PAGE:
World Music Days start at Istanbul’s Akbank Sanat

World Music Days start at Istanbul’s Akbank Sanat

World Music Days start at Istanbul’s Akbank Sanat

Maarja Nuut

The Akbank Sanat World Music Days this year is set to host musicians from four regions across the world.

The first concert will be performed by Estonian violinist and vocal Maarja Nuut, who has been praised by the lead singer of Duran Duran, Simon Le Bon.

Nuut’s music combines traditional dance tunes, songs, and stories with live electronic music to create an intricate layered soundscape in a space where minimalism and experimental music meet the village musical traditions of pre-war Europe.

In her performance, she searches for a lively and relaxed state like a cat poised to leap. “This state gives rise to music and makes me want to prolong being in the moment while altering ways of seeing, hearing and perceiving. It is always now, and old tunes are as fresh as improvisations which were born a second ago,” she says.

In the spring of 2013, Nuut released her debut album “Soolo” that generated a small buzz in Europe, including many glowing reviews as well as favorable comparisons to Czech avant-garde violinist Iva Bittová.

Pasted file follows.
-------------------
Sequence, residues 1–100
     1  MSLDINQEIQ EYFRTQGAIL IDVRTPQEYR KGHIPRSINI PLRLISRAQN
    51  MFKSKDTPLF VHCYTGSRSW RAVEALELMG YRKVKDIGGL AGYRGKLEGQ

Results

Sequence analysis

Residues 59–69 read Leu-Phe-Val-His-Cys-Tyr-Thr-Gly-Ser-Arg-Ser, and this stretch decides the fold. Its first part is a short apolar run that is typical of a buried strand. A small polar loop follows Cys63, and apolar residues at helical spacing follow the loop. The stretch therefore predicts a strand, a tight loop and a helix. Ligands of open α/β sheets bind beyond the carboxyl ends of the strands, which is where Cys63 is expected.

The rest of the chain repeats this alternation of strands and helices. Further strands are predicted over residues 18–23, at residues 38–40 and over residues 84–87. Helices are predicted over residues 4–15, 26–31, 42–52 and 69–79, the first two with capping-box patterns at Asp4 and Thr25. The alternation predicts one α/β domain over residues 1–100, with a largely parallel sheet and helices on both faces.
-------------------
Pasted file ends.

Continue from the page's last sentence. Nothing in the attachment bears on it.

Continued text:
Her second album, “Une meeles,” was released internationally on June 3, 2016.

On Dec. 13, Akbank Sanat will host the Andrei Racu Folk Quartet, which is made up of professional musicians playing traditional Romanian music. As their repertoire, the quartet chose traditional Romanian pieces and suites from all parts of Romania. Andrei Racu, the leader of the quartet, is a violinist with a great folkloric experience. He is an instrumental soloist in several cultural institutions in Romania.

He currently works as an instrumentalist at the folk music Orchestra Carpathian Wreath.

On Dec. 20, n’goni player Abou Diarra will take the stage at Akbank Sanat. Trained by a virtuoso blind master, Vieux Kanté, Diarra traveled for several months the roads from Abidjan to Bamako and Conakry on foot, with his instrument as sole companion. Going through the most remote villages of West Africa, as well as modern metropoles, he collected both traditional, hidden music as well as urban, contemporary sounds.

During his concerts, Diarra is accompanied by his band “Donko Band.”

The final concert will be given by Tânia Oleiro on Dec. 27. Born in Lisbon, Oleiro recorded her first album “Terços de Fado” last year. From the most respected Fado houses in Lisbon, where Tânia has always sung, she brings the enrichment of sharing experiences with various musicians, fado singers and authors.

This year she participated in two of the biggest music festivals in Portugal - Caixa Alfama Festival and Festa do Avante - and critics recognized her talent and the musical excellence of her concerts.


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